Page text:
OCBC welcomes more of the truly rich

OCBC welcomes more of the truly rich

THE sale of Barclays private bank business in Hong Kong and Singapore is done, months after talk started that the UK-based bank saw it as a non-core business.

Barclays has been shedding its Asian and other non-core sectors since 2014, in a reorganisation which saw it refocus on UK and US markets, a process which also saw thousands of people thrown out of work.

OCBC Bank on Thursday emerged the buyer of that private bank business after reports said only two parties were keen; the other being bigger rival DBS. A source at DBS said it did not regret losing because of the higher retention packages it might have to pay to retain Barclays' executives. An OCBC source said Barclays preferred its fully-owned Bank of Singapore over DBS because BOS is a pure private bank play.

In 2009, when OCBC bought ING Asia Private Bank which it renamed Bank of Singapore (BOS), it retained its senior managers. They included then CEO Renato de Guzman who retired last year and current CEO Bahren Shaari.

In Thursday's deal, OCBC bought the assets booked in Hong Kong and Singapore, amounting to US$18.3 billion and with them 1,800 clients.

In 2014, Barclays said its Asia private bank's main markets are Greater China, Indonesia and India. It also has a joint venture in Japan. Assets under management then was US$38 billion. The private bank business in Asia employed about 650 people, some 380 in Singapore.

A Barclays spokesman in Singapore said the India and Japan business continues as usual. Other Asian clients whose assets were booked in London or in other booking centres were also not included in the sale to OCBC.

OCBC's acquisition is its third in the past decade. After buying BOS in 2009, in 2014 it acquired Hong Kong's Wing Hang Bank.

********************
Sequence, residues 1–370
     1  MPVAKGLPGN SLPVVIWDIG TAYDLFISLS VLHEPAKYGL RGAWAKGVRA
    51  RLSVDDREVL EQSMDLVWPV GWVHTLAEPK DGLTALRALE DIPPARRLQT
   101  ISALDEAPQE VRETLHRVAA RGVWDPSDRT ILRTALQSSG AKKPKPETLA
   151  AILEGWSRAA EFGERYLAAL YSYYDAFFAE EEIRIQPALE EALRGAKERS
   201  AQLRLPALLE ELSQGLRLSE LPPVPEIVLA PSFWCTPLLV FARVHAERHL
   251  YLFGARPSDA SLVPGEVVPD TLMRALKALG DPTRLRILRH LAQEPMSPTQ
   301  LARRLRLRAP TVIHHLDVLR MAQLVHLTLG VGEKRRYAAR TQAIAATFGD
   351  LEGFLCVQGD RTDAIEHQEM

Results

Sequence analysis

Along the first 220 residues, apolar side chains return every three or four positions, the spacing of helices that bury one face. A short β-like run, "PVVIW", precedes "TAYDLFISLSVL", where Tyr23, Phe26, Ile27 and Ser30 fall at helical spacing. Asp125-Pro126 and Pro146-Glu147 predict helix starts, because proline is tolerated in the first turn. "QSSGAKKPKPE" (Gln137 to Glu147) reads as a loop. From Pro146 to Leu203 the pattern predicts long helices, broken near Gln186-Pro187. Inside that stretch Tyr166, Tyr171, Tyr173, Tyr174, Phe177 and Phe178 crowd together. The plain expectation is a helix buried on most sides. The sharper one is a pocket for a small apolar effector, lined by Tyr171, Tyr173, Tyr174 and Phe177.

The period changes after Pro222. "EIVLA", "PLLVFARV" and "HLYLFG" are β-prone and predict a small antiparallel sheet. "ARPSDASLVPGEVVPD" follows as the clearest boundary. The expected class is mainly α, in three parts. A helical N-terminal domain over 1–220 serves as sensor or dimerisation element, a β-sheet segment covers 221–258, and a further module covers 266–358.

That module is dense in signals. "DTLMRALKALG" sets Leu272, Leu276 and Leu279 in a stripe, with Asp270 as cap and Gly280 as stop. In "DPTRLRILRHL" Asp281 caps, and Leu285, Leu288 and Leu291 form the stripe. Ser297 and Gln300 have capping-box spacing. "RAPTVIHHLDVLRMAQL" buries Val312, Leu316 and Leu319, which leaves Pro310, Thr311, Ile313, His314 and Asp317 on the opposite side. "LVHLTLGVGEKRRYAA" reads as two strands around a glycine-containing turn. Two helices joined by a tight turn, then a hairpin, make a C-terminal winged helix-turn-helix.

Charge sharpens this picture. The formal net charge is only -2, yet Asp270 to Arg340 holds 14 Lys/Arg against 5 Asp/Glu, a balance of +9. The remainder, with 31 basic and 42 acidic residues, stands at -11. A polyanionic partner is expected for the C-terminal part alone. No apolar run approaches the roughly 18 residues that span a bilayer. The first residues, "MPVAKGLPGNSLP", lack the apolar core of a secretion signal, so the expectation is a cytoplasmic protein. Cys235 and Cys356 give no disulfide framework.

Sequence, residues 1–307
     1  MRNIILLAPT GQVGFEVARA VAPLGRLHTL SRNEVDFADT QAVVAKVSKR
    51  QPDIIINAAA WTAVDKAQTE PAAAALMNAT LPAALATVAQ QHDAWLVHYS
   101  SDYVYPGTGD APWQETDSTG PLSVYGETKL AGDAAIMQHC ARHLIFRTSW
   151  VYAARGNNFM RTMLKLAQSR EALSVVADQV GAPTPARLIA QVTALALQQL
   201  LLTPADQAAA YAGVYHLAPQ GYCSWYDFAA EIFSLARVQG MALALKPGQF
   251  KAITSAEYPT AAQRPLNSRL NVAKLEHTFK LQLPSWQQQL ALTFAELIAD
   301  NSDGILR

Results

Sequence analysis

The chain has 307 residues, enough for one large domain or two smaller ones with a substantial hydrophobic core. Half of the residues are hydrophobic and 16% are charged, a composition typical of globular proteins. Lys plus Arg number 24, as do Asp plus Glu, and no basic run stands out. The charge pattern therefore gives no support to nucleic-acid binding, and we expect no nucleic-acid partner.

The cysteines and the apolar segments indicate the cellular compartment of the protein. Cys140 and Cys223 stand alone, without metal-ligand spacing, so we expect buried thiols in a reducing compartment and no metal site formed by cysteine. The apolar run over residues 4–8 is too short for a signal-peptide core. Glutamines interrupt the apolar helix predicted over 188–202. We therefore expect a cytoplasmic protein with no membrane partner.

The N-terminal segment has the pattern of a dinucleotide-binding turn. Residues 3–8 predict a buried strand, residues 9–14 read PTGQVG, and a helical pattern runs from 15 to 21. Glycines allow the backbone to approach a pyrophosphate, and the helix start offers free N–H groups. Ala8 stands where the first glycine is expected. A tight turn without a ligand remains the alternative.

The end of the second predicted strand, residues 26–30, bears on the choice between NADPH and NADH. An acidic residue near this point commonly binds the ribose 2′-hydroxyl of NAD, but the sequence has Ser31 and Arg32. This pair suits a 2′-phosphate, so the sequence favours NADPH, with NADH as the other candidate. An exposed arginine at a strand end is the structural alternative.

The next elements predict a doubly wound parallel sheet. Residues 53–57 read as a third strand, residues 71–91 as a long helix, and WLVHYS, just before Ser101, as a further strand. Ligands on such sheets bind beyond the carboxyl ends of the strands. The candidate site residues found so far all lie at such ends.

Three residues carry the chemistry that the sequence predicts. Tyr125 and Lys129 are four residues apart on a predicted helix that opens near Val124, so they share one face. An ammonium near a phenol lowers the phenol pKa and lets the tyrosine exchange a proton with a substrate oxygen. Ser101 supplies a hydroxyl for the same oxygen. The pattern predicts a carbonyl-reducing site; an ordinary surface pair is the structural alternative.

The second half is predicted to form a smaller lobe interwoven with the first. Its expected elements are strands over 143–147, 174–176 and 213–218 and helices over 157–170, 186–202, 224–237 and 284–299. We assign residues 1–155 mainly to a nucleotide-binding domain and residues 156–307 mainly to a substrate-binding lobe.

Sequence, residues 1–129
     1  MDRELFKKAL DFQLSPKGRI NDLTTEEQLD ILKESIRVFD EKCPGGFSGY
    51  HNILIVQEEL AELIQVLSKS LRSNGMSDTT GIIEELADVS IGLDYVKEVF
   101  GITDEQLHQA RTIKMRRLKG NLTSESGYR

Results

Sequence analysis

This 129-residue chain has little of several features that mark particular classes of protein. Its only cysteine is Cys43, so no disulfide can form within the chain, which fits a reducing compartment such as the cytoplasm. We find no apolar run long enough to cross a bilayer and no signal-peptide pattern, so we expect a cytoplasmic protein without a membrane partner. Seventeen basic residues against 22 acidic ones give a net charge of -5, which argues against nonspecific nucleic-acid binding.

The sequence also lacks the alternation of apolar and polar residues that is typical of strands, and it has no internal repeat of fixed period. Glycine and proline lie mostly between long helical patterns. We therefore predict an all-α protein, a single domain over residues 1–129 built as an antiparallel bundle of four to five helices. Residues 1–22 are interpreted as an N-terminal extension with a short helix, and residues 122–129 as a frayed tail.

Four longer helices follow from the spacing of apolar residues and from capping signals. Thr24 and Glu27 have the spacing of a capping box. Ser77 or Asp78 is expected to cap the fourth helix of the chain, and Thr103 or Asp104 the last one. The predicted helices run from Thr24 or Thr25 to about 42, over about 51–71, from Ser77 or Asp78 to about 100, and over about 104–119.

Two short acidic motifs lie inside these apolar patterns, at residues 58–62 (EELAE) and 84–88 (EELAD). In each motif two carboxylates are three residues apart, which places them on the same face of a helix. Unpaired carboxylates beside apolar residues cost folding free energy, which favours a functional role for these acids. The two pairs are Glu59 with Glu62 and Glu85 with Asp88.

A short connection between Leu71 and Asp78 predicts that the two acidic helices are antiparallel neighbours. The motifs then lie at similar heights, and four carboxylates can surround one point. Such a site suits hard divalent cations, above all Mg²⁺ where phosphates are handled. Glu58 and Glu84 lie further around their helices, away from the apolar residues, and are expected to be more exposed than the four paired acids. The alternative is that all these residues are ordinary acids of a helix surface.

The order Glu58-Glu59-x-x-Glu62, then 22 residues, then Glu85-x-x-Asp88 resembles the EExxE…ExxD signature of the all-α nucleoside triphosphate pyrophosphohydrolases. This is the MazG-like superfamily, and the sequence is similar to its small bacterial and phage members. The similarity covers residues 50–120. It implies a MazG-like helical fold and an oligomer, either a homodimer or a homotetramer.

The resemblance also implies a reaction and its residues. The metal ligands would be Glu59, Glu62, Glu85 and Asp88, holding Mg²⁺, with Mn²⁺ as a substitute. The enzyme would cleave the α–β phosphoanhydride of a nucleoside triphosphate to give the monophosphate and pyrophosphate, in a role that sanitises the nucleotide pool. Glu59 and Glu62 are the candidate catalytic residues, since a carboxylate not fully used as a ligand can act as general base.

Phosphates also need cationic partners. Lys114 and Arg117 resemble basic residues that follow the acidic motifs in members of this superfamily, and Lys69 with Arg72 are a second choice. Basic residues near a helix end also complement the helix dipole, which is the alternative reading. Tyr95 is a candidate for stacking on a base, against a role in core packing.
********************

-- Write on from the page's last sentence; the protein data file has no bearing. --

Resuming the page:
The latest transaction cements its strategy of focusing on core markets of Singapore, Malaysia, Indonesia and Greater China. But the focus of this deal is really on the billionaires in Hong Kong and Singapore, both mature markets. Seems Barclays knows a lot of these billionaires.

According to OCBC, Barclays has successfully penetrated the Forbes Rich List of India, Indonesia and China. Barclays banks over 50 per cent of the top 50 names on Forbes China Billionaires List, penetrates about 25 per cent of the top 100 names on Forbes India Billionaire List and already serves more than 50 per cent of the top 40 names on Forbes Indonesia's 50 Richest List. That's just saying some of these billionaires are its customers, not how much money they put with Barclays.

OCBC said Barclays' value is in its ultra high net worth (UHNW) pool of customers. As such, there is little overlap with existing clients. Based on Barclays' US$18.3 billion assets under management (AUM) and 1,800 clients, it works out to an average US$10 million per customer.

The definition of UHNW typically refers to individuals having AUMs of US$20-50 million.

OCBC has been trying to upgrade its clientele. 2013 was the year of spring cleaning, weeding out clients whose AUM had fallen below US$1 million, according to then BOS chief executive Mr Guzman.

Although the acquisition will see BOS leapfrog several rungs in the Asian Private Banks' league table, putting it within the top 10 from the current 11th position, it is still a long way from the leaders.

Swiss banking giant UBS leads the Asia league with AUM of US$274 billion, followed by Citi's US$210 billion and Credit Suisse at US$150 billion.

Private banking is a notoriously expensive business and scale is critical. Cost to income ratio averages 73 per cent, according to a McKinsey Survey 2015 for Asia.

BOS chief Mr Shaari, who cut its private banking teeth in his 10 years at UBS prior to joining ING Asia Private Bank in 2009, has said ideally a relationship manager (RM) should not have more than 30 clients.

DBS, with US$75 billion AUM including Treasures Private Banking, has 289 RMs. BOS currently has 314 RMs serving AUM of US$55 billion as at end-December.

Amid increasingly volatile financial markets and slowing growth in the region, being able to increase fee paying clients of the richest variety is not bad. This is unlike commercial and retail banking which depends on thin margin loans with higher risks of turning sour during recessions or periods of no growth.

Mr Shaari will have his work cut out: making sure the ultra high net worth feel at home, and will then transfer some of their billions to BOS.

lisen@sph.com.sg


This article was first published on April 8, 2016.
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